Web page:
It was worth rising before the sun to watch the first rays slowly creeping over the tree tops. I’ve grown up on the rivers and bays of Virginia, and no matter where else in the world I’ve watched a sunrise, there is something unique about the way the mist floats above the smooth surface of the water, signaling the intense southern humidity that is certain to follow in the coming hours. A few fishing boats float quietly in the shadows of the riverbank, but otherwise the only movements come from the occasional heron skimming across the surface and from the dock, as it shifts under the weight of my feet.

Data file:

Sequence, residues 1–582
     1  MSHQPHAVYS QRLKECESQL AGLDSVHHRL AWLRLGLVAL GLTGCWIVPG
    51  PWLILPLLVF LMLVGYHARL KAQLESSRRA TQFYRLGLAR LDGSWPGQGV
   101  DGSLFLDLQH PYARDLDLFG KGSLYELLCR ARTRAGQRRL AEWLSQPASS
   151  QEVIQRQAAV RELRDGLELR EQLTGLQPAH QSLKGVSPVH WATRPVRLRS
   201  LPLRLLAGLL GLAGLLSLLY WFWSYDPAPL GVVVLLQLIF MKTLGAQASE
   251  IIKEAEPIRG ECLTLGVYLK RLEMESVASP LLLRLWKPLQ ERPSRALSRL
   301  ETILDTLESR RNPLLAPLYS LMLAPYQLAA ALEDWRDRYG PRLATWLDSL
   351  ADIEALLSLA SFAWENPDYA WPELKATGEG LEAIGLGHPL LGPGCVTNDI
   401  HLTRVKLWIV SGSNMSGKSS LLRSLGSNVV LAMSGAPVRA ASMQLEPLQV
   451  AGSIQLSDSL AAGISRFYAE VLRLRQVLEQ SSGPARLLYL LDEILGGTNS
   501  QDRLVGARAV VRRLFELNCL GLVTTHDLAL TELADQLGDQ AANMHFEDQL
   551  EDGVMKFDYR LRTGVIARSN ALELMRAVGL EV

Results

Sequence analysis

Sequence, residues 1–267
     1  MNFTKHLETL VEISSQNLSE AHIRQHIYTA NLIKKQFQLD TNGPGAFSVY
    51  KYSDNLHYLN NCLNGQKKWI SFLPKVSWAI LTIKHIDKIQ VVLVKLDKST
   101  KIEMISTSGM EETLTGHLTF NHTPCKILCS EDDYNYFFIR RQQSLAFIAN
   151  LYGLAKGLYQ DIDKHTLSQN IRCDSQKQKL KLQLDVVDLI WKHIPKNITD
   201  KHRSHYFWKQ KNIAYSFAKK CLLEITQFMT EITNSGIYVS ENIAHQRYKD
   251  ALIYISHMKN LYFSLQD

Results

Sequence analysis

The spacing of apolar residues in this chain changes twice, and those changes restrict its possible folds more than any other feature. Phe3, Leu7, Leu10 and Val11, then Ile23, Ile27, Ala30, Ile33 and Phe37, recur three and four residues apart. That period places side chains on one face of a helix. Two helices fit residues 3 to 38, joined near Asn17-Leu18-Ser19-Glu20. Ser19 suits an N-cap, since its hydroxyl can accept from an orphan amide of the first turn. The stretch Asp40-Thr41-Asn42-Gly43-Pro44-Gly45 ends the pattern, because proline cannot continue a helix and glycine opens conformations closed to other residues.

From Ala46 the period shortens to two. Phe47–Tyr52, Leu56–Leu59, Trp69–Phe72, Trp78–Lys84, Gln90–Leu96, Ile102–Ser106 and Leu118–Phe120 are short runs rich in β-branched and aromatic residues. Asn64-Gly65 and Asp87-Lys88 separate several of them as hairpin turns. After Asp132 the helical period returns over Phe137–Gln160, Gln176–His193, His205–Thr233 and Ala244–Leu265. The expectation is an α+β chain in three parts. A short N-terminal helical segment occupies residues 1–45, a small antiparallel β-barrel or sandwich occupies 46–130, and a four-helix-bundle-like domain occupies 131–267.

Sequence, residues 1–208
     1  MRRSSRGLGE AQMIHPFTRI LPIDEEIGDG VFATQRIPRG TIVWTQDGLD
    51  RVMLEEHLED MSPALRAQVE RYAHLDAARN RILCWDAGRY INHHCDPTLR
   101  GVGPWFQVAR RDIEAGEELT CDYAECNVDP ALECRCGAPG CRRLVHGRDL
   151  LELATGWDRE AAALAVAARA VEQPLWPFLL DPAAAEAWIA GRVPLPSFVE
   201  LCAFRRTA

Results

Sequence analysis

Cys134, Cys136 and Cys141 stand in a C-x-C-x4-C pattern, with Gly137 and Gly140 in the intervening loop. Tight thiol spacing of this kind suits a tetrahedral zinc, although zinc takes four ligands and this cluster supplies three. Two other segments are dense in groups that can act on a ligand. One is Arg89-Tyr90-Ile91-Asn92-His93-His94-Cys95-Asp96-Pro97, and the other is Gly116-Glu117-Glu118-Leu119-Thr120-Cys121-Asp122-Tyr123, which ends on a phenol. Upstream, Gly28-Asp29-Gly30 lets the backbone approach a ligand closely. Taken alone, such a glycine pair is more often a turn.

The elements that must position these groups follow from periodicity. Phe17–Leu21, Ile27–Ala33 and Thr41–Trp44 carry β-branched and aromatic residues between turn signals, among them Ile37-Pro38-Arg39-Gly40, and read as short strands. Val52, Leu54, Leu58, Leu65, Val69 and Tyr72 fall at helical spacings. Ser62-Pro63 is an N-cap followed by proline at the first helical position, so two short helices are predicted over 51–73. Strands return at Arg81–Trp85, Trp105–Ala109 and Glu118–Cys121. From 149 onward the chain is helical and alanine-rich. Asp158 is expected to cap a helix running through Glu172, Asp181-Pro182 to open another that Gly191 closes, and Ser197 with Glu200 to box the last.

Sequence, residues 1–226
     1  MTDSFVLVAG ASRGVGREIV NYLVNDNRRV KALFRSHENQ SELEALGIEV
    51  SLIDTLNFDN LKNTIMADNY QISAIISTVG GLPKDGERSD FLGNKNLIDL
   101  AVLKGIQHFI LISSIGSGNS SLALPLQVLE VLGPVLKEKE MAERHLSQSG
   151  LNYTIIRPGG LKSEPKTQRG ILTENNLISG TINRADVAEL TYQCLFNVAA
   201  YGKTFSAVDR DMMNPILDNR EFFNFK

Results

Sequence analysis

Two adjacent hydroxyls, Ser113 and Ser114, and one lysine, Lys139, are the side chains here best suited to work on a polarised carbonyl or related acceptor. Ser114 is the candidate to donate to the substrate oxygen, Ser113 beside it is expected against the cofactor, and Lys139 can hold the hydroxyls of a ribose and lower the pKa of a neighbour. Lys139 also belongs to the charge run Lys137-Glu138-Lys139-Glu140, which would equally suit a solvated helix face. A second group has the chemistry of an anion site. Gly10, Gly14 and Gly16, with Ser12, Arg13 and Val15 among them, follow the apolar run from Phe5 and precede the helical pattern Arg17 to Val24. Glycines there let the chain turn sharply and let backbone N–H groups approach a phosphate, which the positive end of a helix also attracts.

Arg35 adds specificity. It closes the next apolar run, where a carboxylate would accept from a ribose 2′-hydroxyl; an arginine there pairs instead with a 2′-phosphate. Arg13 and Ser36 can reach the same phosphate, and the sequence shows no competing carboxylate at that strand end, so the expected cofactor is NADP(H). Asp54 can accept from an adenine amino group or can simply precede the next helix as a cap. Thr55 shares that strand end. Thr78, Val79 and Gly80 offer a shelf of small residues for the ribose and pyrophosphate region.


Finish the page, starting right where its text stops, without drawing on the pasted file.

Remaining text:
The name of this river, “Occoquan,” comes from the Dogue Indian word meaning “at the end of the water.” Just out of range of my lens, my dog whines softly, hoping I’ll unclip her leash and allow her to dive into the water and hunt whatever lies just beneath the surface. I hold onto her until the inevitable morning water traffic fully comes to life and her splashing no longer seems an offense against the still-sleeping river gods. Together we watch the river change from misty green to rose pink as the sun finally raises her sleepy head and awakens the world at the end of the water.